This week, online furniture retailer Wayfair confirmed that the company is testing a new program that will help them identify the telephone numbers of some of their customers and call them to help them with the shopping process.
According to Wayfair, the program is currently being tested with less than one percent of their customers and everyone who receives a call first receives an email to explain the program.
The program is part of a growing trend of online retailers calling customers on their sites to encourage them to continue with a purchase.
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The only furniture retailer tests a new program on less than one percent of its customers, where it calls them while they browse the website to help with shopping
StubHub appears to have a similar program to reach customers who visit their site, according to a report from CNBC.
Twitter user Adam Markon wrote a message about his experience with the StubHub program.
& # 39; Hello. Uh. @StubHub. Did you just * call me * about the cards I looked at? & # 39; He posted today.
"I never remember giving you permission to use my phone number this way, and that kind of tracking + immediate action is pretty invasive."
Earlier this year, Dave Kerpen had a similar experience with StubHub to purchase tickets for a New York Mets game.
He decided that all available tickets were too expensive, so he decided to skip the game, but StubHub called him almost as soon as he closed the app and offered him a five percent discount on the tickets.
Online ticket seller StubHub called some users after searching for tickets and offering extra discounts
"It was surprising because I didn't even realize they had my phone number," Kerpen told CNBC.
"If it scares me, it probably scares most people."
According to Twitter user Josh G. Johnson, T-Mobile seems to have a similar program.
Ariel Dumas, a popular writer for The Late Show with Stephen Colbert, posted on Twitter about her own shock when she was contacted by Wayfair while using their site.
"I look at Wayfair and my phone just rang – an unknown number," she wrote.
"I picked it up and it was a Wayfair employee who said they noticed that I was surfing their scary Halloween on their website."
In a statement to CNBC, a Wayfair spokesperson said that they do & # 39; not make outgoing phone calls based on real-time site activity & # 39 ;.
The company did not comment on the type of site activity or other types of customer activity that triggered the calls.
Ariel Dumas, a writer for The Late Show with Stephen Colbert, received a call from Wayfair while she was browsing their website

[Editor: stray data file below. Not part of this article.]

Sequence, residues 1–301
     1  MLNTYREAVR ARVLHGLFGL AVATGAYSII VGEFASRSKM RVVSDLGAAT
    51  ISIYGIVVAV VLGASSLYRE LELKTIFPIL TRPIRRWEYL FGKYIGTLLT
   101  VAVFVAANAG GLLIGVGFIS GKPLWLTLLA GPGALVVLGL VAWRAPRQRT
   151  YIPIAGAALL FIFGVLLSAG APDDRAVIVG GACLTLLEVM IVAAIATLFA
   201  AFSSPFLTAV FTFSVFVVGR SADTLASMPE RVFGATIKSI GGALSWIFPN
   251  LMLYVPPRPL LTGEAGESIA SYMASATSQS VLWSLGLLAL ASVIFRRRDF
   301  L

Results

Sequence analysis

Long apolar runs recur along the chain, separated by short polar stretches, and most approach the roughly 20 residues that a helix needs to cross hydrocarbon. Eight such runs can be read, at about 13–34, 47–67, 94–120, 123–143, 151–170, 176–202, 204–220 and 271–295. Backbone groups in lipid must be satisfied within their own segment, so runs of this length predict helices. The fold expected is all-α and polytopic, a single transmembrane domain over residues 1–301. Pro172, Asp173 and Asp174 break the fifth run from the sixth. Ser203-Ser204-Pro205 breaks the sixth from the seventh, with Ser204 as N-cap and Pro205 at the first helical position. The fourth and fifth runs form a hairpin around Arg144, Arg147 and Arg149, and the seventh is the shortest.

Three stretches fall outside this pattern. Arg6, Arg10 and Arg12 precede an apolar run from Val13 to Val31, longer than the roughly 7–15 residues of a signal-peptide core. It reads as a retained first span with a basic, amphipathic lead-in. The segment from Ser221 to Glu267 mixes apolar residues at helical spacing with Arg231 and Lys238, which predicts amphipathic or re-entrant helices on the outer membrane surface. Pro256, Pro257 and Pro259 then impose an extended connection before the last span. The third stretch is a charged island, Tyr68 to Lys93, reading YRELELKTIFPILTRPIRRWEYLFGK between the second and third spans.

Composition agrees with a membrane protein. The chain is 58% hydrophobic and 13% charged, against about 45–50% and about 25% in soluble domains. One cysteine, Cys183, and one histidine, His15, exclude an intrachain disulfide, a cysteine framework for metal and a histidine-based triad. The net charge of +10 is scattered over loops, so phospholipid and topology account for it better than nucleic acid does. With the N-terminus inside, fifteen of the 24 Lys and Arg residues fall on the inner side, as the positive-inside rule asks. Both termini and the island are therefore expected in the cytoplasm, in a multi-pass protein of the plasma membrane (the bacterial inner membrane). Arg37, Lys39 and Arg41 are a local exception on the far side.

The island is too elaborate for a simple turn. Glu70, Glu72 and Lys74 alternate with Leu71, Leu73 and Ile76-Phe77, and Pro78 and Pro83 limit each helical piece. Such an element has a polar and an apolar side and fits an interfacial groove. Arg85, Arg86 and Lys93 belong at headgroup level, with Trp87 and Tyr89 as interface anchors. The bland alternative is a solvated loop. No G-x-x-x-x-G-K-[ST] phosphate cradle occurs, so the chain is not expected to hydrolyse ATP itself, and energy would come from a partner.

The Wayfair phone call was not an automated message or a recording, but a live person who offered to help with the Dumas shopping experience
Dumas tried to explain how nervous the experience was for Wayfair's customer service
The telephone help when shopping at Wayfair appears to come from a Massachusetts area code
The messages from Dumas on Twitter provided a number of answers from people who had similar experiences with Wayfair and other retailers
A number of people had thought that the phone call from the Massachusetts area code would be a call from Elizabeth Warren, so they answered it instead of sending it to voicemail
The Staples office supplies seem to use a similar tracking program
A possible explanation for the operation of the program is tracking plug-ins built into the site, one of which is provided by Neustar.
These plug-ins for user tracking are nowadays an inescapable part of surfing the internet.
Traditionally websites use these tracking tools to collect information about their audience in order to increase their advertising sales.
The tracking tools can log the phone number of a user if they enter it in a web form on a site where the trackers are active, after which it is linked to their profile.
Some industry professionals say that such programs alienate users as often as they encourage them to complete a transaction.
"The last thing a brand wants to do is frighten and eliminate someone because they look creepy," Bryan Forbes of IN Connected Marketing told CNBC.
Security company reveals that Google trackers are most common on the 50 best websites on the internet
Security company VPNpro has revealed that Google trackers are the most common on the 50 best websites on the internet.
After counting those found on popular websites such as Amazon, Reddit and WordPress, they found that Google had five times more trackers on the sites than the number two.
The total of 97 third-party cookies was followed by Facebook and Yahoo, both with 18 and Adobe with 13.
Speaking of the results, the researcher who collected the data, Kevin Marlowe said: & We all know that the consideration for free content or services is the use of our personal data for advertising purposes.
& # 39; However, I think many people will falter because of the huge amount of data collected by many popular websites.
& # 39; There is really no need to use so many trackers. Every time a third party is involved, the risk increases that your information will be shared with more companies. This considerably reduces people's privacy and security. & # 39;
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